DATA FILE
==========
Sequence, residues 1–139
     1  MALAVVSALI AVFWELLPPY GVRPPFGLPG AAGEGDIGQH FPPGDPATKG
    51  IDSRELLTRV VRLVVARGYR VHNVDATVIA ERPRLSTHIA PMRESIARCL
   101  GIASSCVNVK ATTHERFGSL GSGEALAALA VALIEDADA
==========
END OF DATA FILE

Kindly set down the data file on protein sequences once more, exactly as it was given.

Sequence, residues 1–139
     1  MALAVVSALI AVFWELLPPY GVRPPFGLPG AAGEGDIGQH FPPGDPATKG
    51  IDSRELLTRV VRLVVARGYR VHNVDATVIA ERPRLSTHIA PMRESIARCL
   101  GIASSCVNVK ATTHERFGSL GSGEALAALA VALIEDADA